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Saying Thank You Like You Mean It

As American Thanksgiving approaches and we take stock of all that we’re grateful for – are your donors and supporters at the top of your list? 

How are you thanking your supporters?

Of course non-profits and charities don’t need a special day to acknowledge the essential role your donors and supporters play in helping you meet your mission – right? After all, your donors receive confirmation emails and thank-you letters when they make a contribution – don’t they?

Well according to the many blog posts and articles I’ve read, many organizations aren’t sending thank-you letters to all donors. I’ve seen stats that suggest only 1 in 4 donors report receiving a thank you letter after their donation. And many who do are sending out un-personalized form letters. 

Showing gratitude inspires additional giving

Saying thank you for your donor’s generous support seems like a “no-brainer” since we all want to be thanked for our contributions. But saying thank you is not only a nice thing to do or the right thing to do, it’s also financially advantageous. As Penelope Burk suggests, “thank you letters are powerful and profitable” , since they can lead to additional contributions. Burk notes: “45% of donors said it was an outstanding thank you letter that inspired them to give again and 23% said they gave more generously because of the quality of the acknowledgement they received.”

But you’ve got to get personal 

As we've noted recently, your fundraising emails need to be “personal and powerful” - but so do your thank-you letters! This is confirmed by the Burk Donor Survey:

“40% of respondents said they had received at least one thank you letter in recent memory that they would describe as exceptional. Its warm, personal tone making the letter feel like it was written just for me was cited most often.”  
 

But how can small resource-strapped organizations manage this?

So donors are saying they’re not expecting any fancy sky-writing or video thank-you’s – just a warm, personalized letter or card. But sending out automated email confirmations and personalized thank you letters may sound simple enough for large non-profits or charities with ample staff. But this can prove challenging for small organizations are often resource-strapped, managing with a small group of dedicated volunteers or a skeleton staff.

Yet while small groups may struggle to simply manage their good works, it’s clear that for those who rely on donations to fund their efforts, saying thank you to donors also needs to be a priority. 

Technology can help:

If your organization is struggling with manual systems, technology can offer some support. You can consider using fundraising management software that generates automatic email confirmations and enables you to create personalized thank you emails. In addition, your member or donor database can be used to track information that will help you personalize your communications with donors. 

Can volunteers help too?

To ensure you personalize thank-you’s for maximum impact, consider gathering a team of volunteers (Board members, communications committee members, etc.) to help. You can segment your list to spread the workload around and these volunteers can also sign the letters and even add a customized note to each donor. Having letters personally signed is high on the wish list based on donor research as well as fundraising experts. As the survey stats suggest above, having the thank you letter sent by a “prominent figure” in your organization is key. Perhaps you can arrange time at each monthly board meeting to have the Chair or President sign all of the thank-you’s.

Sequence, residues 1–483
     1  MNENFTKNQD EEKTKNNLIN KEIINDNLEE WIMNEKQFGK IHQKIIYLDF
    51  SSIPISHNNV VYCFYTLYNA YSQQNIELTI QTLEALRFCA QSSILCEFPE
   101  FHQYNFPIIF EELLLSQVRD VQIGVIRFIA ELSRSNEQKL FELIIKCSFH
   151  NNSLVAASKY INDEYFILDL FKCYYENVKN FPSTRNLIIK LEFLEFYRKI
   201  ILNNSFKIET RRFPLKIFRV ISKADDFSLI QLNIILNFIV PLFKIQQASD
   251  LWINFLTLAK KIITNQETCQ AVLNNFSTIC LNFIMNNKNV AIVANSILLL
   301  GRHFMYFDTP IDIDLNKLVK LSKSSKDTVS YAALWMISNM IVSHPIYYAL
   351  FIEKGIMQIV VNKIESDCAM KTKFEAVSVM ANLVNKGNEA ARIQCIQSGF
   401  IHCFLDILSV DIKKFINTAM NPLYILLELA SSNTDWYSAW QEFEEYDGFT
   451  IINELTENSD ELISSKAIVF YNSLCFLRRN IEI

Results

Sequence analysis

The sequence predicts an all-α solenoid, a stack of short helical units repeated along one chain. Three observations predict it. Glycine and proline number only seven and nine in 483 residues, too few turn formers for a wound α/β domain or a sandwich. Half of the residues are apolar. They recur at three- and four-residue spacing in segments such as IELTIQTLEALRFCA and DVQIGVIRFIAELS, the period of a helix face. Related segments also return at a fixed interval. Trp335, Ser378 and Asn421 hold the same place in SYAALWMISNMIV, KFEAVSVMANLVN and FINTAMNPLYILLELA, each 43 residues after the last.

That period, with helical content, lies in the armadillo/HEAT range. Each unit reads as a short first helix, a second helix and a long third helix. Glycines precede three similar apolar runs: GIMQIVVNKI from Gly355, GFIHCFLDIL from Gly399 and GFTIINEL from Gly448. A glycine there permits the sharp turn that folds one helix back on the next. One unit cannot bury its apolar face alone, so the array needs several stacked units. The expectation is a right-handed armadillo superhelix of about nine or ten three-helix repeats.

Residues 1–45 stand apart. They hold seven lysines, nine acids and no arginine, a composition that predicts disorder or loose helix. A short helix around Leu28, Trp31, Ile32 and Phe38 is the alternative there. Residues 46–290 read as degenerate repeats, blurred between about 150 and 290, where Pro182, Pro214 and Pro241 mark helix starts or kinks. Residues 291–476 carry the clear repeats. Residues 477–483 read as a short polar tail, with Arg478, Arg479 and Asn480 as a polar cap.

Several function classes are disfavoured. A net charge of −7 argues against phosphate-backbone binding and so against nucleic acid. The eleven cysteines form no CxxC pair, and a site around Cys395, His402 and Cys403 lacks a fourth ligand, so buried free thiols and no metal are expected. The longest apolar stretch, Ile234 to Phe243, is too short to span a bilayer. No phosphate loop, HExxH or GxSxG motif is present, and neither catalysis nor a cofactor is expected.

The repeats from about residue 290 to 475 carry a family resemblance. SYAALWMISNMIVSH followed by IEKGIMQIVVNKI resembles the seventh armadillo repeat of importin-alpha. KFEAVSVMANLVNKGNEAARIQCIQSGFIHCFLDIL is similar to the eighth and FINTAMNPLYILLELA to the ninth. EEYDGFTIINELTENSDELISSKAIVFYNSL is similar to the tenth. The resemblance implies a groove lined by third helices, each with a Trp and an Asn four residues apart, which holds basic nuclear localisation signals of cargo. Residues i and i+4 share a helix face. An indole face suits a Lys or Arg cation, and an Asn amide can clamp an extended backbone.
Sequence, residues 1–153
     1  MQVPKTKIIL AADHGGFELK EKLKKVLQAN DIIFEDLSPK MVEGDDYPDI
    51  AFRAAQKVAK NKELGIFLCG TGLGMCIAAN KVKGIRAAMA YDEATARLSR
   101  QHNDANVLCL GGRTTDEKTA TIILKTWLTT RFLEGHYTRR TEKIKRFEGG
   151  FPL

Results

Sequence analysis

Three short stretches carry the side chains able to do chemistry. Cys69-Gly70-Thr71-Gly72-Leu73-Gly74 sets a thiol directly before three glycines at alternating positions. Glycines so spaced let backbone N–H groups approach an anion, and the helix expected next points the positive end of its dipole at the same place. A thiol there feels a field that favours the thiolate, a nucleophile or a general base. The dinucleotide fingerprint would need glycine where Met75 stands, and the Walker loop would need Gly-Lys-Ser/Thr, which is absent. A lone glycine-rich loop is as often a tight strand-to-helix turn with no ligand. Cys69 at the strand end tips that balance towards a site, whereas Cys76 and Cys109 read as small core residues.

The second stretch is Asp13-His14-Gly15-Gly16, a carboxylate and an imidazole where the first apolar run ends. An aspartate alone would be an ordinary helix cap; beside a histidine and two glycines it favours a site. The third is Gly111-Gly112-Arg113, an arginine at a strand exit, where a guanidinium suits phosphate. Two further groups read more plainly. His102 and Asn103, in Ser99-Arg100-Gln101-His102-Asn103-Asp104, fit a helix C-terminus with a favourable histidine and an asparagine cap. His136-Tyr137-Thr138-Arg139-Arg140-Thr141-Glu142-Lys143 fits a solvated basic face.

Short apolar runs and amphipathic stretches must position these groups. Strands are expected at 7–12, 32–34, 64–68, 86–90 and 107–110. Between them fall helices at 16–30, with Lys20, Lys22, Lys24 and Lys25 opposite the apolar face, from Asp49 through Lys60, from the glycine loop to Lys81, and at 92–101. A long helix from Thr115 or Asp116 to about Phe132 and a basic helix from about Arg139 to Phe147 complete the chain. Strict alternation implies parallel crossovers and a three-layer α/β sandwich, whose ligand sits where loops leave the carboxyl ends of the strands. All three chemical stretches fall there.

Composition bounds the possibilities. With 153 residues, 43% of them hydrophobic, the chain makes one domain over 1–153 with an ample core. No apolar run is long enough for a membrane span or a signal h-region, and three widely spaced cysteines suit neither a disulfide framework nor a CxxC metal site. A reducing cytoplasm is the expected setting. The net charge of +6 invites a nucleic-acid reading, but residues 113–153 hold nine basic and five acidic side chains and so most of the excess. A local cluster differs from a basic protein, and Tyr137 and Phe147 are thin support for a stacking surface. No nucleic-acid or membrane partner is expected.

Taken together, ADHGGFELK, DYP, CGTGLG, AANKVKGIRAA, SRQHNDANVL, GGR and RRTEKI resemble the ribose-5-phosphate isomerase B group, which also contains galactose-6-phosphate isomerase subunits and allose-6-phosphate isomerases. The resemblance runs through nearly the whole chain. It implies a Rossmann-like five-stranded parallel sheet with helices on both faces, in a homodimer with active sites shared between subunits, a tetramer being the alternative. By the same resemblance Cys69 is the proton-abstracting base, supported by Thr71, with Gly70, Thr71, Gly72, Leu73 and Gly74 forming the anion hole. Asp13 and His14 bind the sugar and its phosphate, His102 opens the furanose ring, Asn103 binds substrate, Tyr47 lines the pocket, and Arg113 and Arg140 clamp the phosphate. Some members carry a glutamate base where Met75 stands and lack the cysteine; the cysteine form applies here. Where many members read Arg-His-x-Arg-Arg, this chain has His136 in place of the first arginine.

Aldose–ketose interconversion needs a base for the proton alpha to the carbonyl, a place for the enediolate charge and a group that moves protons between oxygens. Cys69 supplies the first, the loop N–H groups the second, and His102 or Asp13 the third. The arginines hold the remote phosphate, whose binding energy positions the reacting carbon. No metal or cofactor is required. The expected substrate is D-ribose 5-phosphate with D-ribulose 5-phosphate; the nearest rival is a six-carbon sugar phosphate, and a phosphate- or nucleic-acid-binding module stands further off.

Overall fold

Personalizing pointers – the 4 P’s

Creating personalized messages to donors doesn’t have to take a lot of time or be a costly endeavor. But to have a powerful impact, you might want to ensure your thank you letters follow these 4 P’s. Thank you letters should be:

  1. Prompt – consistently sent out as soon as possible
  2. Personalized – speaking directly to the donor and about their specific gift
  3. Passionate – conveying (in a warm tone) gratitude and explaining how the funds will be used to stoke the passion that prompted the contribution
  4. Positive – making donors smile and feel pride through an upbeat message (not a call for additional assistance) 

There are also a few faux pas to avoid: 

  • Make sure the salutation isn’t a show stopper! To borrow a line from the movie Jerry Maguire: “you had me at hello” - your first two words – “Dear xxx” can have a huge impact on your thank you letter or email. So, here are a few tips on getting the hello or welcome right:

    • Never say “dear donor or member or supporter” - remember it needs to be personal
    • Dear [first name] – is probably best, but ensure your database has correct first names for all members so you don’t end up with a “Dear blank” or worse, “Dear first name”!
    • Also get the Ms., Mr., or Mrs. right – since getting the supporter’s gender sure signals you don’t know this donor!
  • Be sure all letters are proofed to ensure information is correct (e.g., their donation, gift etc.) and there are no spelling mistakes.
  • Don’t include another “ask” or suggestion to upgrade to another program/more frequent 

So this Thanksgiving – say thank you for your donors and supporters. And in your year-end campaign and your planning for 2014, make it a priority to give your donors what they want – personal, prompt thank-you’s.

Say thank you like you really mean it and the research suggests you’ll be well rewarded for your efforts.

Image source:  Skywriter writing the word thanks - courtesy of BigStockPhoto.com

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Lori Halley [Engaging Apricot]Lori Halley [Engaging Apricot]
Posted by Lori Halley [Engaging Apricot]
Published Friday, 22 November 2013 at 8:30 AM
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